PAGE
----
There has been much discussion these days surrounding the sharing economy. Is it good for workers? How will governments and traditional industries respond? How can we regulate it? Does it further democratize employment, or restrict it?
These are all interesting and valuable discussions. Here at the Casual Capitalist however we have strayed from such existential questions. Our goal, despite the chatter surrounding the sharing economy, is to help you profit from it.
Our perspective is simple. Millions of dollars are flowing every day into the pockets of people working in the sharing economy. I make money, and my fellow Casual Capitalists are cashing in as well. We want to help as many people as possible embrace this disruptive economic shift.
Now, disregard all that. Today’s exercise is different. For the next 5 minutes we are going to stare into the crystal ball. We want to see what the sharing economy 2.0 may look like in the years to come.
We are doing this for two important reasons. First, we get this question a lot: “What’s next for the sharing economy?”. We’ve always tried to bring the focus back to making money now, but there is some value in exploring future trends. Secondly, the sharing economy is our income playground. Anticipating upcoming challenges is never a bad thing. This will help us better position ourselves to profit in the coming years.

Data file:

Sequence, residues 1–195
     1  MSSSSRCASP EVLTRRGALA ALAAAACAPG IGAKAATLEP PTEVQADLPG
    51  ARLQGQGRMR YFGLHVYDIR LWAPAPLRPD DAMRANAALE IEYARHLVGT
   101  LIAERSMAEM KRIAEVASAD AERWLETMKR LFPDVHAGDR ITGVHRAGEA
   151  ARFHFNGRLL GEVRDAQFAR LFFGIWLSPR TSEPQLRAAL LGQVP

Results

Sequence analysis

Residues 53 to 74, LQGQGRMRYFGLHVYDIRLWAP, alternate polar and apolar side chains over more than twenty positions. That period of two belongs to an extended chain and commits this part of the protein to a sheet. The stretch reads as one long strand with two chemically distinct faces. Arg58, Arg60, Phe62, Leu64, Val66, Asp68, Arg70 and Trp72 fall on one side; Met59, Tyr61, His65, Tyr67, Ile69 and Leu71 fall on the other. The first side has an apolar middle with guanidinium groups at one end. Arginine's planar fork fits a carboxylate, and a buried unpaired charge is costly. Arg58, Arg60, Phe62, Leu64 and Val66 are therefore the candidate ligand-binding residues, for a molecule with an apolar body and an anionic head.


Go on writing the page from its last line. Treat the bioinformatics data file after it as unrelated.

Also, we want to be able to look back and see how right, or terribly wrong, we were. This is always fun.
Below are 7 trends that we at the Casual Capitalist believe will define the sharing economy 2.0. Others will surely surface. But, in order for the sharing economy to continue thriving in the coming decade, these issues need resolution.
1. Worker Benefits
One of the major grievances against the sharing economy is that workers are considered contractors. They therefore have no benefits. No benefits means no safety net. No safety net is bad. We agree with this logic.
That said, there is a lot of good work currently going into developing worker benefit packages tailored toward sharing economy workers. But, questions still remain. This includes access to health care, workers compensation, unemployment insurance, paid leave, and more.
Casual Prediction #1: By 2020, portable worker benefit packages will be offered to sharing economy workers by platforms as well as outside providers.
2. Worker Classification
Much of the sharing economy’s legal troubles have revolved around worker classification. This is particularly true for Uber. We have ignored these distractions at the Casual Capitalist. While the courts figure these things out, we intend to profit.